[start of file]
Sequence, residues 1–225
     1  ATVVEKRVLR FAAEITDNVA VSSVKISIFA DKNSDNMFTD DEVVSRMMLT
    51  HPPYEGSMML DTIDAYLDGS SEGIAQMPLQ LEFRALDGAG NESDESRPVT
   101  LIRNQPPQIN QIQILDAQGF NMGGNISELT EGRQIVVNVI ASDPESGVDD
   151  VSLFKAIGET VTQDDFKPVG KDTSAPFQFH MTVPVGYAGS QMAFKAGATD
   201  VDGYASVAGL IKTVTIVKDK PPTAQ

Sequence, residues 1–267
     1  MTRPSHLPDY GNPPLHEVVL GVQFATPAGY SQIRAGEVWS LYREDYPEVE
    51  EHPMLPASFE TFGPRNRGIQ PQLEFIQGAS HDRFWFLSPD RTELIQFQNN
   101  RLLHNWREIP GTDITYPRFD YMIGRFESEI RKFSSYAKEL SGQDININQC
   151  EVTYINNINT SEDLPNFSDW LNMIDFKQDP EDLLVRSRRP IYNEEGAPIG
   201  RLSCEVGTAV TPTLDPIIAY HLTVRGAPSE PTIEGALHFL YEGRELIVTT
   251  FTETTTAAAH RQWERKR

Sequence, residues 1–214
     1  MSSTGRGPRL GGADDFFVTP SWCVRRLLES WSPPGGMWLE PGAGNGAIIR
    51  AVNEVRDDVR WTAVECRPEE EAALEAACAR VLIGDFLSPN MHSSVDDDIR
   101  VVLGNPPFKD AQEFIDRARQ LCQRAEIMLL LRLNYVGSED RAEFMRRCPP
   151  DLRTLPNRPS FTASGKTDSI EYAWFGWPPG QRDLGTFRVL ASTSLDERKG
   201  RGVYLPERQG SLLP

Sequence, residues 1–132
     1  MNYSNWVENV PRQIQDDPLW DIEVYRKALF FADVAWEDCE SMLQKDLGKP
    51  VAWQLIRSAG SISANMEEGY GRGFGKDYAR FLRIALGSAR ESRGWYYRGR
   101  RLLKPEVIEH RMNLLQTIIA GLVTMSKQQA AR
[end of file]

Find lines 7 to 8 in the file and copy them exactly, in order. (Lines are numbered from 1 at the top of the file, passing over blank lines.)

Sequence, residues 1–267
     1  MTRPSHLPDY GNPPLHEVVL GVQFATPAGY SQIRAGEVWS LYREDYPEVE